Should You Tell Your Co-workers You’re Job Searching? Ask Yourself These 5 Questions First was originally published on The Muse, a great place to research companies and careers. Click here to search for great jobs and companies near you.
Looking for a new job is stressful and, frequently, frustrating, so it’s not surprising that you’re looking for people to commiserate with. And your current co-workers, the ones who know the good, the bad, and the ugly about your workplace, can seem like the ideal choice: They already understand why you might want to leave your job and they’re in the same industry—maybe they have leads!
But should you really tell your colleagues you’re job searching?
There are a few things you need to consider before spilling about your job search—including what kind of relationship you have with your co-workers, what your boss is like, and whether the potential benefits outweigh the risks. Sometimes it’s fine to share, but more often it’s dangerous. What’s certain is that it’s not a decision to be taken lightly.
Here are five questions you should ask yourself to help you decide if and when to tell which co-workers that you’re applying for other gigs.
1. How Much Do You Trust Them?
For the answer to this question, look to your history with your colleagues. Are they people with whom you’ve traded complaints in the past about everything from your managers to the healthcare plan to the quality of the toilet paper? And they haven’t shared that info with anyone?
If you truly know they can keep a secret, go ahead and dish (although don’t forget to tell them that the info isn’t public). It can sometimes be helpful to talk about job searching with someone who knows you well.
But if you’re not 110% sure that they can keep their mouths shut—if you have any doubts at all—it’s wiser not to share that you’re on the hunt for a new job. You don’t want them to spill the beans before you’re ready to leave.
2. Can They Help?
Your co-workers can be a gold mine of useful job search information: They have contacts at other companies, insider industry knowledge, recommendations for networking events, and other insights. As a bonus, they’re familiar with your work and know from firsthand experience that you’re a great co-worker (right?), so if they pass on your resume, you’re way ahead of the competition.
If there’s a tangible benefit to gain—and you’re absolutely sure you can trust them not to tell anyone else in the company—then go ahead.
But first, prepare your ask. Don’t drop a vague mention about how you’re looking for something new. Instead, set up a conversation where you tell them you’re interested in a new job, and ask specifically for what you want from them, whether that’s an email introduction to that friend they have at your dream company or insider info on what kind of qualifications a hiring manager they know loves to see.
If they can’t help in any way, though, you’re better off staying quiet at work. Find someone else to talk to—a friend, your partner, your mom, or a former co-worker (who could be as helpful as a current teammate but without the same level of risk).
3. Are You Definitely Ready to Leave?
The worst-case scenario here is that a co-worker confides in the boss that you’re looking for something else, either by accident or as a way to curry favor for themselves—and your boss reacts badly, either making your life miserable until you actually land a new job, or even pushing you out the door immediately.
So if you’ve got a concrete exit strategy with an end date in mind, and you’re out of there no matter what, the risk of sharing is much lower. But if you need to keep this job until you’ve applied and interviewed for new roles, found one that’s a fit on both sides, accepted an offer, and set a start date, it’s best to keep it under your hat. The enjoyment of sharing isn’t worth the possibility of getting the boot before you’re ready.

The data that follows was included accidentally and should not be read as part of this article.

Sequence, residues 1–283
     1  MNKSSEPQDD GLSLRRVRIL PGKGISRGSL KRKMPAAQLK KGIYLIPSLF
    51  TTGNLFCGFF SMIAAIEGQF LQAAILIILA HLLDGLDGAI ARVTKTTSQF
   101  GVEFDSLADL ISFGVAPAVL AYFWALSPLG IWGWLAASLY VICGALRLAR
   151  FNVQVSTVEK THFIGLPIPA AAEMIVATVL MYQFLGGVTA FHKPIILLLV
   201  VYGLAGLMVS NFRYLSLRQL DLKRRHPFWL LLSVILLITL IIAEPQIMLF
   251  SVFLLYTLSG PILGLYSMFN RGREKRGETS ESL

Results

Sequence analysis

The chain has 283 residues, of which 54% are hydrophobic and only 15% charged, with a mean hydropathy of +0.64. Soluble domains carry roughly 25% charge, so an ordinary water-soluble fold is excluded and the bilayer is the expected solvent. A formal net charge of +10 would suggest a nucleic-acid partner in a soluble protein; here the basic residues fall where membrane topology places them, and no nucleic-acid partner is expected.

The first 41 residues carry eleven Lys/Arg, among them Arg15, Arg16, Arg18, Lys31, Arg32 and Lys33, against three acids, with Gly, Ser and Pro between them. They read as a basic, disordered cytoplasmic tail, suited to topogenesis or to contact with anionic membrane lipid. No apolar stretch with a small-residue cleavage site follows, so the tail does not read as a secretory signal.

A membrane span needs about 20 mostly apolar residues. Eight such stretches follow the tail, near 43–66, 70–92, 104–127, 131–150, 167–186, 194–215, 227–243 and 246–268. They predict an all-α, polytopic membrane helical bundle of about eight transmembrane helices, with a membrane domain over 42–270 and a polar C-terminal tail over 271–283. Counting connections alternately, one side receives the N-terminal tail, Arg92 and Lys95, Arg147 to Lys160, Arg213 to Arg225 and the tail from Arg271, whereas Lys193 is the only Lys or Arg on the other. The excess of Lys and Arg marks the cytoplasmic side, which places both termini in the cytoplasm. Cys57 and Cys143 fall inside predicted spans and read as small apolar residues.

4. What’s Your Boss Like?
Some bosses expect their direct reports to deliver every bit of gossip from the office floor or at the very least share any information with them first. Employees who don’t fall in line could face repercussions.
This can mean your boss finding out about your search and preemptively firing you, or—if you don’t end up leaving—refusing to promote or invest in you because they still think you’re on your way out.
And what about your co-workers? Is your boss the type to hold it against them once you leave? Can you imagine your manager finding out your best work buddies knew all along and saying to them, “Why didn’t you tell me so-and-so was looking for a job?” If your boss would hold a grudge, keep them safe by staying silent.
5. Can the Information Really Help Someone Out?
Maybe your departure will mean a promotion for someone, or it will give them a chance to finally take on new responsibilities. If they had advance notice that you were leaving, could they position themselves to take over?
If you’re closing in on a new job and know that an extra week or two would really help a co-worker you like and trust—giving them time to redo their resume or prepare to make their case for a promotion—then it’s a kindness to give them a heads-up.
Still, if something goes wrong and you end up staying put, you could end up with a disappointed colleague who might be tempted to help you on your way out the door (with a hint to the boss that you’re trying to leave, for example). You’ll want to be almost 100% sure that the new job is really happening before you let them know.
It’s tempting to tell your co-workers about your job search—not only because they might be able to help, but because it’s a big change and it can feel like a relief to share something you’ve kept to yourself for a long time. There can definitely be some upsides, but in many cases the risk will outweigh any potential benefits. So think carefully and make sure you’re protected before you share.